In addition, Tedstrom talked about “the huge opportunity for more creativity” represented by open systems that make it possible for multiple systems or devices to talk to each other. He said Star-wood Hotels & Resorts “has moved to a more open system to enable travel agent systems to talk to your PDA, to talk to your car rental agency, to talk to your wife’s PDA [and] to go into your [personal digital] assistant and get into your calendar.” —Widgets, “clouds” and equipment-idling systems are among the emerging technologies prompting chief marketing officers and culinary professionals alike to explore new ways of engaging guests or improving operations.

So-called “cloud computing,” or working with applications or data hosted on remote servers—often the powerful systems of a third party accessed across the Internet—interests smaller operators, Tedstrom said. —Widgets, “clouds” and equipment-idling systems are among the emerging technologies prompting chief marketing officers and culinary professionals alike to explore new ways of engaging guests or improving operations.

“It lets you access the resources of a large company even if you’re small,” he said. —Widgets, “clouds” and equipment-idling systems are among the emerging technologies prompting chief marketing officers and culinary professionals alike to explore new ways of engaging guests or improving operations.

Technological advances also are helping to reshape professional kitchens, Brunell said. —Widgets, “clouds” and equipment-idling systems are among the emerging technologies prompting chief marketing officers and culinary professionals alike to explore new ways of engaging guests or improving operations.

“One of the biggest problems is getting more people through the restaurant during busy times—11 a.m. to 1 p.m., and 5 p.m. to 8:30 p.m.,” he said. “Some technology, like impingement cooking and combi cooking allows you to cook products faster and more consistently.” —Widgets, “clouds” and equipment-idling systems are among the emerging technologies prompting chief marketing officers and culinary professionals alike to explore new ways of engaging guests or improving operations.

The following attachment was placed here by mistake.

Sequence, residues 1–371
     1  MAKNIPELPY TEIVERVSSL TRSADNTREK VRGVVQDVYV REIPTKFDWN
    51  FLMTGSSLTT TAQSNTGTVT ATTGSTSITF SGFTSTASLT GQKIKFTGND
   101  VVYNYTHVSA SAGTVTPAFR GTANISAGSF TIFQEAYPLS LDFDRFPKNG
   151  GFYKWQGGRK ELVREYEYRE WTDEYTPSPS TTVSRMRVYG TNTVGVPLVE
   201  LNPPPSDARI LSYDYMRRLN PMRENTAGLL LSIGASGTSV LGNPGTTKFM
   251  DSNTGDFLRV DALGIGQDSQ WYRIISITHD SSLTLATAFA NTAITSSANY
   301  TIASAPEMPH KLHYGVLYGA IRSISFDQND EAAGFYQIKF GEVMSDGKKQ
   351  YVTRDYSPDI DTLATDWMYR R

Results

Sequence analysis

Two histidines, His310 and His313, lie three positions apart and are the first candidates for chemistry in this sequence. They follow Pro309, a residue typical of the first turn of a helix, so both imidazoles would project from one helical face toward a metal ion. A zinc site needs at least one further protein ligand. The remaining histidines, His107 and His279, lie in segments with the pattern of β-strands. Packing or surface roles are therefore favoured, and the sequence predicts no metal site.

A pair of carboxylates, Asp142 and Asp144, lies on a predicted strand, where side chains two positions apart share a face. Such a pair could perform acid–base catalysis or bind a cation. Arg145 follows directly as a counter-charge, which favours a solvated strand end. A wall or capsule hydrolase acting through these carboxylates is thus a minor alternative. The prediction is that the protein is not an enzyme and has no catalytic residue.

Impingement cooking, which is used in tandem with conveyor ovens, has emerged as “a main cooking platform” at Maggiano’s. —Widgets, “clouds” and equipment-idling systems are among the emerging technologies prompting chief marketing officers and culinary professionals alike to explore new ways of engaging guests or improving operations.

“New impingement technology using infrared heat is eliminating the use of charbroilers in the kitchen,” Brunell said. —Widgets, “clouds” and equipment-idling systems are among the emerging technologies prompting chief marketing officers and culinary professionals alike to explore new ways of engaging guests or improving operations.

He said induction cooking also has become more prevalent at Maggiano’s, particularly in banquet kitchens. —Widgets, “clouds” and equipment-idling systems are among the emerging technologies prompting chief marketing officers and culinary professionals alike to explore new ways of engaging guests or improving operations.

“You can take a recipe and time it specifically and maximize the amount of volume you’re turning out,” he said. “We know exactly how many dishes we can do per hour.” —Widgets, “clouds” and equipment-idling systems are among the emerging technologies prompting chief marketing officers and culinary professionals alike to explore new ways of engaging guests or improving operations.

The use of more high-tech equipment has improved energy efficiency, Brunell said. For example, certain pieces of equipment can idle at 20 percent of capacity when they are not being used and ramp up quickly to full power when needed. “That can save a lot of money,” he said. —Widgets, “clouds” and equipment-idling systems are among the emerging technologies prompting chief marketing officers and culinary professionals alike to explore new ways of engaging guests or improving operations.

Brunell also said stackable, high-tech equipment allows for a smaller kitchen design, and estimated that new Maggiano’s are about 15 percent smaller than predecessors. —Widgets, “clouds” and equipment-idling systems are among the emerging technologies prompting chief marketing officers and culinary professionals alike to explore new ways of engaging guests or improving operations.